Like Coleridge, Brett saw Mongolian emperors in his dreams. The desert’s long and level sands stretched away to an indistinct horizon of mountains folded into the dust, curiously beautiful but as hard as iron. Out there beyond the walls, the herdsmen carved their fleeting lives from the sun-dried mud. 

Not so the emperor. Every morning the lights of the walled city glittered above wasteland and the fires leaped high in the ruler’s vast pleasure dome where gladiators fought and dancers caroused while the screams of men and women at wine-fueled rituals pierced the star-hung canopy above.

Unlike Coleridge’s exotic opium-filled fantasies, Brett’s dreams were fueled by cheap lager from the King’s Head. On nights when he was feeling particularly daring he’d get a pickled egg. He still ended up outside the pleasure dome. 

He woke and clutched at the cold white sheets. He felt like an outsider now and he wanted a warm body. Acres of sterile whiteness stared back at him. Lynda had slipped out.

Two hours later, Brett was pounding the streets in his running shoes. There was no sign of his wife. That wasn’t unusual. He felt better now, pulling in energy from the street vendors and the mishmash of accents in Whitechapel. It often seemed sunless here. Tall buildings snuffed out the light in the narrow alleys and a green fog from the Thames claimed these streets for its own. The west end had been sunnier but nobody could afford to live there, certainly not a writer whose last big scoop had been a piece about musical Shih Tzu collars in Day of the Dog magazine.

Brett took it all in, the smells of coriander and cardamon in the street market, the distant hum or buses and the ragged man on the street corner. The Blind Beggar pub was streets away with its bullet holes where the Krays shot George Cornwall dead. Brett didn’t dwell on the past. He reached into his pocket and touched the tickets. His editor hadn’t wanted them. He had no intention of spending Millennium Eve in a “colossal white elephant” when he could be at home with his family. The tickets were Brett’s if he wanted them. Notwithstanding his editor’s reticence, he felt like Charlie Bucket clutching a golden ticket.

Two days later, Brett looked on as Lynda stood in front of the mirror. The lighter flecks in her raven hair danced around in the horizontal light of the lamp and the velvet shimmer of her blue dress set off her sapphire earrings. He was transfixed for a moment. He couldn’t recall ever seeing his wife this way before. Even his jangling misgivings about the cost of the dress subsided. Perhaps it was all worth it, he thought. Had he been wrong about everything? Still he wondered if he had ever taken time to know the woman behind the dress.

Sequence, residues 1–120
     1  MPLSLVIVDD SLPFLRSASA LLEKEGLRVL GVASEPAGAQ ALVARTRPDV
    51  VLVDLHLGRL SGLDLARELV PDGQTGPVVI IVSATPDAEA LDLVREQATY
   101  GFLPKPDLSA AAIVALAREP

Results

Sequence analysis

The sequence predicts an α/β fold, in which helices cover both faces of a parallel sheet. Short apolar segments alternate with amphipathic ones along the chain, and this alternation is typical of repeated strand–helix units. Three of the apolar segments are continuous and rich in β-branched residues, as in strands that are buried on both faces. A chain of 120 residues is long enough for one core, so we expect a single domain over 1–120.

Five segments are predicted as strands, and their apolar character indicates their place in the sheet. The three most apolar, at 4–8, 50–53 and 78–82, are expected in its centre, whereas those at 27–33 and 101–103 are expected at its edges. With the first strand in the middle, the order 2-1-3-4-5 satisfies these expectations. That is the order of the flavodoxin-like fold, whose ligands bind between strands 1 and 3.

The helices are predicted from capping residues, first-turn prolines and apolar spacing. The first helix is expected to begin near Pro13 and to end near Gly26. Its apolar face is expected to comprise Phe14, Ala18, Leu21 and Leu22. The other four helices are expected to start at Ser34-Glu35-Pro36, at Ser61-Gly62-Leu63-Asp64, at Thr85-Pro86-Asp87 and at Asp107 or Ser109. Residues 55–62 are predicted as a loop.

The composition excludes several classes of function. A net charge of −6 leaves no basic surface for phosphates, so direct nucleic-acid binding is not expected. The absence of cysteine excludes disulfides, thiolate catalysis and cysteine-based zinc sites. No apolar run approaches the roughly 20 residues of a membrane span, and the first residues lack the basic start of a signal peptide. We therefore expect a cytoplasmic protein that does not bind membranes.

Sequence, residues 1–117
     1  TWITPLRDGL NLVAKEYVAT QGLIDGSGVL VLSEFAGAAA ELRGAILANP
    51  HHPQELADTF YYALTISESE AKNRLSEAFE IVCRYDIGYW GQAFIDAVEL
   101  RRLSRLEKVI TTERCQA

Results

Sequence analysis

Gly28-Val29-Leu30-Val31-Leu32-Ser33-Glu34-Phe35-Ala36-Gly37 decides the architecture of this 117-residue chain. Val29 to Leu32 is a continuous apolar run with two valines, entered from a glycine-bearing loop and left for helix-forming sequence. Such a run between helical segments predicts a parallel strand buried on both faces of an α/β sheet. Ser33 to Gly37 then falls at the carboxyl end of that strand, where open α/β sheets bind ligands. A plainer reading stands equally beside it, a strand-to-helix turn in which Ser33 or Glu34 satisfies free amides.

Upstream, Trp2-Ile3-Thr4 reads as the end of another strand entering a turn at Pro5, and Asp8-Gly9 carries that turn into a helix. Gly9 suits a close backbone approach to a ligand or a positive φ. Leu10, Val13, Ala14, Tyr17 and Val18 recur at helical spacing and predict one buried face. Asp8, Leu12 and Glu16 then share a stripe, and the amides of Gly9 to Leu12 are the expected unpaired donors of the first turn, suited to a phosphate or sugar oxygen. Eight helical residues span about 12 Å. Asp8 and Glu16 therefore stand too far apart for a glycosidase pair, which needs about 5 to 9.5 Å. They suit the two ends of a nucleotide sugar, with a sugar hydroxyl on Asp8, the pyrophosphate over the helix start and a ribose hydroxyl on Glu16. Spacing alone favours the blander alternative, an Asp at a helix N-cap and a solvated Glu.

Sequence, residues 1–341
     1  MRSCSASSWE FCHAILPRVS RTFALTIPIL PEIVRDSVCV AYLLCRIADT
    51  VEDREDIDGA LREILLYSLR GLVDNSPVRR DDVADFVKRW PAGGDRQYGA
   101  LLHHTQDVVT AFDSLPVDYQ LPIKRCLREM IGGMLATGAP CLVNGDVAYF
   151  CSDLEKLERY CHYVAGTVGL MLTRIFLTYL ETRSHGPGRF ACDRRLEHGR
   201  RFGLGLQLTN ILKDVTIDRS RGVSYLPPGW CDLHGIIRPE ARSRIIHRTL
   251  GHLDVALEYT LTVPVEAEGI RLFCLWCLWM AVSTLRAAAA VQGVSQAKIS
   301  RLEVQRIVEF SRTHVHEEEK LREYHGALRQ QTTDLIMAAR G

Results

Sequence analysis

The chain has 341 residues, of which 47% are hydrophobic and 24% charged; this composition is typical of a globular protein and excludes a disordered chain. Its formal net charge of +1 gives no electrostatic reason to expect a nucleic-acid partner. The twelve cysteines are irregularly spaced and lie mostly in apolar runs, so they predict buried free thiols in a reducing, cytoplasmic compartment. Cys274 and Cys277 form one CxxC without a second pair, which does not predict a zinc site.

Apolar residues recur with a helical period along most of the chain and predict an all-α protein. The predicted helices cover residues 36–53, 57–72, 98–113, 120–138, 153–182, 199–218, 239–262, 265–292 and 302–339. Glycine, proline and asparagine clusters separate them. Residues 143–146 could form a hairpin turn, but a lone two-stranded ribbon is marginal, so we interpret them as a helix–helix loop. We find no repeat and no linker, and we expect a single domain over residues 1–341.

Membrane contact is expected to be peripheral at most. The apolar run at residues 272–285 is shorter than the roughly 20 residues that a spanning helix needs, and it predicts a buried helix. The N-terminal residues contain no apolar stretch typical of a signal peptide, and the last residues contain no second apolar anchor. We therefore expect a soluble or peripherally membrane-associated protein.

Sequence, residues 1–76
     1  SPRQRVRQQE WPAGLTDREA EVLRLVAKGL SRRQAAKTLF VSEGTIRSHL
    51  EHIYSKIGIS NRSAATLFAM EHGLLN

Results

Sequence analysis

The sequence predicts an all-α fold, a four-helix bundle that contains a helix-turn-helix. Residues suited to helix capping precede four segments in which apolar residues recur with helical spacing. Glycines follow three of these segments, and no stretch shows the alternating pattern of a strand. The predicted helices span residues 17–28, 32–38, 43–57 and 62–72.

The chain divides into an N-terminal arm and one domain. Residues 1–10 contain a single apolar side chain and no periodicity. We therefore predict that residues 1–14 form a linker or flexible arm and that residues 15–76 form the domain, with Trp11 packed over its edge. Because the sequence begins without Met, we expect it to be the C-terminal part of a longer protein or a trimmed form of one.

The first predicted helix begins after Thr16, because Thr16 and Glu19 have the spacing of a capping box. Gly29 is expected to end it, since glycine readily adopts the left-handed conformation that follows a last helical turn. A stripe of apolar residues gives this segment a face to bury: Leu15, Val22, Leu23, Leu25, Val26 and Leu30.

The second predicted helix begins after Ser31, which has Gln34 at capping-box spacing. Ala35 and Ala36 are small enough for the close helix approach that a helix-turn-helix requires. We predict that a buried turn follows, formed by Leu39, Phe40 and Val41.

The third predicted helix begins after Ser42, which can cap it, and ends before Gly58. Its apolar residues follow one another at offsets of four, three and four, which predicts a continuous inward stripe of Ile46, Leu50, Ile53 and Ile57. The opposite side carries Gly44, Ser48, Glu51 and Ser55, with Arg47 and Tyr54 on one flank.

She turned and looked at him, a half-smile playing across her features. He smiled but realized her glance went past his shoulder to her reflection in the mirror.

“So you are looking forward to it?”

Her cheeks hardened. He thought how powerful she looked in the half-light, although her beauty seemed other-worldly.

“I still don’t see why we can’t go to the Chelsea gig.”

Brett sighed. “You can go to a house party every week. This is history being made.”

Lynda’s clipped words sent the doubts flooding back. What had happened that night at the party? Why were his friends looking at him so curiously when he opened his eyes? He recalled the way his wife looked at his friend Allen. The room swayed from all the cocktails but it wasn’t a warm and cozy intoxication. He felt left outside the walls of their conspiracy.


Brett had before never seen so many well-dressed people in such shabby surroundings. A long line of velveteen ladies and men in dinner jackets wound up the escalators from Greenwich Station. They crushed cigarette butts with the weight of their polished shoes. Even the homeless people on the margins of the station quit begging to look on in awe. This was no normal night on the Isle of Dogs. The scene was on the cusp of a New Millennium and a different world order. The gleaming canopy of white teflon had risen from a wasteland of toxic ash, tar pits, and unexploded World War Two bombs. 

The lines wound on into the night. Seemingly, nobody had thought about security. But this was a new world order, a world without war and bombs.

Only Lynda’s face harked back to primordial times. Her mascara ran a little down her cheeks. Brett thought her beautiful and severe. Striking bur raptor-like.

“God Brett. How much longer do we have to wait. I missed Chelsea for this?”

Brett was just happy to make it under the great canopy where sturdy steel gantries reached up to the spangled roof. An army of servers walked the floor. He found a glass of champagne thrust into his hand. 

He was relieved to see Lynda slugging it down fast. He hoped the bubbly would smooth over the sharp lines appearing on her face.

He was buzzing by the time they entered the Body Zone two more drinks later. A man called Jeff introduced them to the human body. Jeff was some kind of public relations guy. Brett wondered if he had been drinking too.

“So roll up for a fantastic trip into the human body; walk down the passages of the mind. Wind your way up the intricacies of the human arm.”